The genteel party continues. Kevin hijacks the hors d' oeuvres. Dwight, upon hearing some harpsichord music, vaults into a court dance with one of the waitstaff; it's another host "must" per Jim's book. To his chagrin, Andy learns his parents have brought along his brother, Walter Junior - clearly the favored Bernard child. Robert California arrives, bearing the wrong gift.
Andy kicks off the toasts by complimenting his amazing staff. Darryl follows with a toast to Robert California. Angela is next; she toasts her unborn baby, Phillip. Pam immediately follows suit, also toasting her unborn son Phillip - and explaining the name is the fulfillment of a promise she made to her grandfather years before. Ryan toasts the troops - for both sides. Gabe also toasts Robert California. He's abruptly taken to task by Andy for a breach of etiquette. Finally, Robert himself speaks. He contends that he and Andy do nothing; it's the staff that makes them look good.
Gabe tries to toast Robert California yet again, but Andy interrupts him. He straps on a guitar and summons his father to the stage for a father-son duet: an acoustic version of Extreme's "More Than Words." After a few false starts, they still can't quite get in sync. Andy's dad borrows the guitar and they try again. Finally, Andy's dad invites Walter Junior up to the stage. The two Walters harmonize beautifully on Dylan's "Forever Young." Andy cuts them off before they finish, grabbing the guitar and abruptly walking away.
While Mose aborts a scooter attempt to jump over the guests' parked cars, Dwight enjoys a private moment with Robert California. California encourages Dwight to continue pursuing Schrute Farms' burgeoning party business; he might even have his birthday party there, he tells Dwight. Excited, Dwight details the amenities he can offer, including goats and exotic meats, like hippo-burgers.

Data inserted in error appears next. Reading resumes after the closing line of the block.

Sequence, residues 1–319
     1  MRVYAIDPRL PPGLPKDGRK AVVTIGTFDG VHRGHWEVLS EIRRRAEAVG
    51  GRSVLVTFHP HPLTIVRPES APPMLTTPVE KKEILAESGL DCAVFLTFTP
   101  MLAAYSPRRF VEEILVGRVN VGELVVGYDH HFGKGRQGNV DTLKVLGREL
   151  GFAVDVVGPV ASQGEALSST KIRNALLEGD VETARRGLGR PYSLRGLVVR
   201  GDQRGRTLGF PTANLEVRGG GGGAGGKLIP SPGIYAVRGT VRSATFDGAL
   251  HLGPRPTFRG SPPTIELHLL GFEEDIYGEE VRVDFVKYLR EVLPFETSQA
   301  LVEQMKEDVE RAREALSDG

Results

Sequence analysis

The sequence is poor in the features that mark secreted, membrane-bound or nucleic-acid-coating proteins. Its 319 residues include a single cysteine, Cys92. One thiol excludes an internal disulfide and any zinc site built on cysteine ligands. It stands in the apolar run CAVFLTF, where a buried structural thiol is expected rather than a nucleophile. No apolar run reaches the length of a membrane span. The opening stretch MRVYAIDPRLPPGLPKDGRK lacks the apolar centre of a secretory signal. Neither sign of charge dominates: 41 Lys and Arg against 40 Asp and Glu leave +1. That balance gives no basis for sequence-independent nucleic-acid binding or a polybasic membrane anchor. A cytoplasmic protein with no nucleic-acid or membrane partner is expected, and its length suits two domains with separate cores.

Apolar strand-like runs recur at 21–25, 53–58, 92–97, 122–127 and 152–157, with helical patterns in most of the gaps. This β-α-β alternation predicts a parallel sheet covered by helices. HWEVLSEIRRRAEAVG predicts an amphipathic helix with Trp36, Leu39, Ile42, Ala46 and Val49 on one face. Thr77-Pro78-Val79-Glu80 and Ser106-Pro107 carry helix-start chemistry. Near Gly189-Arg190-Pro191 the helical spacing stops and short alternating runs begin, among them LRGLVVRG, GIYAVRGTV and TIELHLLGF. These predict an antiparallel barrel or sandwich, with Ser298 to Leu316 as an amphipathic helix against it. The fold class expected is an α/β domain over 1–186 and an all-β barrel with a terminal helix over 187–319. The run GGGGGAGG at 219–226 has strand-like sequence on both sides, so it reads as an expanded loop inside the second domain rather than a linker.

Andy heads inside to gather himself and to play with baby Cece. His father finds him and questions what happened. Andy confesses he was out to try to impress his parents with the party. His father responds that he's not impressed - not by the party and not by Andy's job as a manager for a "rinky dink paper company." He tells his son he needs to stop seeking his approval. All the while, a baby monitor in the room is picking up their conversation and relaying it to a receiver at a table where Pam, Jim, Erin, Oscar and Darryl listen in pain.
Andy's parents and brother leave. A dejected Andy tells his remaining co-workers he's getting ready to go too. But they want him to stick around and enjoy himself. Darryl commandeers the grill and starts cooking hamburgers. Andy settles in with his people. They all marvel as Dwight's closing ceremonies begin: the waitstaff, bearing lit torches, marches in unison.
We see a scene from earlier in the party: Jim messing with Dwight by continually crossing the imaginary line at which a guest must be loudly announced. He asks Dwight quietly: who does he think the best salesman in the office really is? Before Dwight can respond, Jim crosses the line. "Mr. James Halpert," yells Dwight.